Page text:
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Field Notes: Science and Engineering Quad

Author: Hsiaolin Hsieh

Event: Site visit to SEQ, Stanford University

Time and Date of event: 13:15-15:50, Tuesday, April 16th, 2013

Date of Record: Wednesday, April 17th, 2013

Tour guide: Luke Thivierge, Associate Director, Building Operations, Facilities Planning & Management

Related articles:

Huang Engineering Building- self guided tour

New science and engineering building quad planned for campus core

A brief intro to Y2E2


1. The physical layout of the space(s)

Connection” is the design principle of the Science and Engineering Quad. It is represented in the layout, the location, the interior design and the decoration of the buildings, as well as in the overall appearance of the Quad.

  • Layout:  the Quad is surrounded by 4 buildings, the Huang EngineeringCenter, the Hewlett and Packard Buildings, the Y2E2 Building, and the James and Anna Marie Spilker building, which are linked underground “by an 18-foot-deep basement of shared laboratory space that is sure to be in high demand because of its state-of-the-art equipment and controlled environment free of outside light, noise and vibrations” (Stanford News). The link between buildings presents a vision of interdisciplinary collaboration in science and engineering.
  • Location:  the Quad is built along an east-west axis which coincides with that of the Main Quad, and which bridges the central campus and the west side of the campus (School of Medicine). This orientation follows the original campus plan designed by Frederick Law Olmsted, and the overall appearance of the arcades and the quad, and the limestone tile façades and red tile roof, present a historical connection with the school as a whole.
  • Interior design and decoration:  inside the buildings of the Quad, there are exhibitions of the stories of individual people (prominent faculty and donors) and inventions that are associated with the schools connected with the Quad. These exhibitions highlight the intellectual heritage that connects current students and faculty with those of the past and contemporaries in industry today.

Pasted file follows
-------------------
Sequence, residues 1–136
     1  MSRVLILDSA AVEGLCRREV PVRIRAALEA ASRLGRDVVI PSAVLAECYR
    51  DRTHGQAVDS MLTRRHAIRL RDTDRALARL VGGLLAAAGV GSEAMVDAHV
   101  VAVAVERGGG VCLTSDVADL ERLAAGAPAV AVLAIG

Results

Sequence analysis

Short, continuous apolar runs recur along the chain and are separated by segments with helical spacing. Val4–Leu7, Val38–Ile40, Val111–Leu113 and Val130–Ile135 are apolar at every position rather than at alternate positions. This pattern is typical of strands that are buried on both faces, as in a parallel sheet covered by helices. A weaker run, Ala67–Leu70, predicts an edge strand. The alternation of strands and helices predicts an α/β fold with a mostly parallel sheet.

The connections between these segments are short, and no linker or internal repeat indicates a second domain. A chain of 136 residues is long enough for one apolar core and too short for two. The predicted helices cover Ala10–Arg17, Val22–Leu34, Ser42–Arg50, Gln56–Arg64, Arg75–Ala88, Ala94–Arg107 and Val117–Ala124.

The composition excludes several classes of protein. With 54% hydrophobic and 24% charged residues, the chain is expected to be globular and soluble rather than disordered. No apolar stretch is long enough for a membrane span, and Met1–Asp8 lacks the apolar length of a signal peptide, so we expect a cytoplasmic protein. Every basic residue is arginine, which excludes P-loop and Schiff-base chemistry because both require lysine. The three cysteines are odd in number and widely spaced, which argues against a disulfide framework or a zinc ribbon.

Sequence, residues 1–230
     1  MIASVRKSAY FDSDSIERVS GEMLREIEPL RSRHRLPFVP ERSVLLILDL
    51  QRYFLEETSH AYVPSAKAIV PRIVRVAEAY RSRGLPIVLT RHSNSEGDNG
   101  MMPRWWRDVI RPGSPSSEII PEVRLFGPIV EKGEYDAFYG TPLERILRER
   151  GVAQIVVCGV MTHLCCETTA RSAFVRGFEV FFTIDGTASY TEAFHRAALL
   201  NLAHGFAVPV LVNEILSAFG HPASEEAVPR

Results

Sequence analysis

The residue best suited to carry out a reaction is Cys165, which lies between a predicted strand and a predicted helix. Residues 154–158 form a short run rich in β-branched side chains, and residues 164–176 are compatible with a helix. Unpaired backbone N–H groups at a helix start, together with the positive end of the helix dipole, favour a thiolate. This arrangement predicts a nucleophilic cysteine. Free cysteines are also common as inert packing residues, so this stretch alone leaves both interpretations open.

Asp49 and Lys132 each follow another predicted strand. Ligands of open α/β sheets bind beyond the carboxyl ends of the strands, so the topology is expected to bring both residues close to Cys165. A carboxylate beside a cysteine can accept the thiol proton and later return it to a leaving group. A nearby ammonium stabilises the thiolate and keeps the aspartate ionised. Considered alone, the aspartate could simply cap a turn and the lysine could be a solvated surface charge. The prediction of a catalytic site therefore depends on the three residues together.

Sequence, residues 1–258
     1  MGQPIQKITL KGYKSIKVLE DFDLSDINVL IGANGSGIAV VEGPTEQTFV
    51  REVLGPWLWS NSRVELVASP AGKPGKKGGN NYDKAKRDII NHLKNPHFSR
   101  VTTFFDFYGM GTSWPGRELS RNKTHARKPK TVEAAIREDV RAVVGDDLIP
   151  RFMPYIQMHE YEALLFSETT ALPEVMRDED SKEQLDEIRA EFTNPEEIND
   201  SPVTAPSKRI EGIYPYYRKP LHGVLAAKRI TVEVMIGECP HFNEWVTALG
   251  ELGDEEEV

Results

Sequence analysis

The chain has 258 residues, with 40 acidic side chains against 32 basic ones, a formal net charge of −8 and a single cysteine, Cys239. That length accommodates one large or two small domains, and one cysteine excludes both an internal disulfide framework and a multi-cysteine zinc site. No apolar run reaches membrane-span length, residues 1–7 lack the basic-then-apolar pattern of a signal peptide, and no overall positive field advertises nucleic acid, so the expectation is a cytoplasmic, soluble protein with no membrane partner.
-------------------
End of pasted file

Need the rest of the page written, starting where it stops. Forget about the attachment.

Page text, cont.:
2. People who typically come to the space

Students, faculty and staff are the typical users in this space. In comparison with the other buildings dedicated to specialist graduate research, the Huang Engineering Building has been designed specifically for students activities. Its main entrance is on the second floor, and functions as a dining hall for students and faculty. It’s interesting to see that both the GSB and the SEQ put their “kitchens” in the most convenient and obvious places, and use them as the incentives to recruit students to learning — a powerful example of human-centered design!

Apart from the necessary human conveniences, there are also lots of conference rooms and informal social areas (the resting areas outside the labs, around the atria, and big, wide staircases).  Almost all of the conference rooms (as well as the classrooms) are built with glass rather than concrete walls, and the informal social areas are open, public, and equipped with write-on glass walls, whiteboards, and comfortable furniture.  They not only foreground the idea of  “together alone“, but also instantiate “transparency“, a liberation from enclosed property (of knowledge), and suggest an ideology of sharing.

3. Activities that happen in the space

In addition to formal classroom teaching and learning, a number of extra-curricular activities regularly take place in and around the Quad. Eating, experiments, and out-of-class discussion were all in evidence in these spaces, though we didn’t really get to see the classrooms where formal learning actually takes place.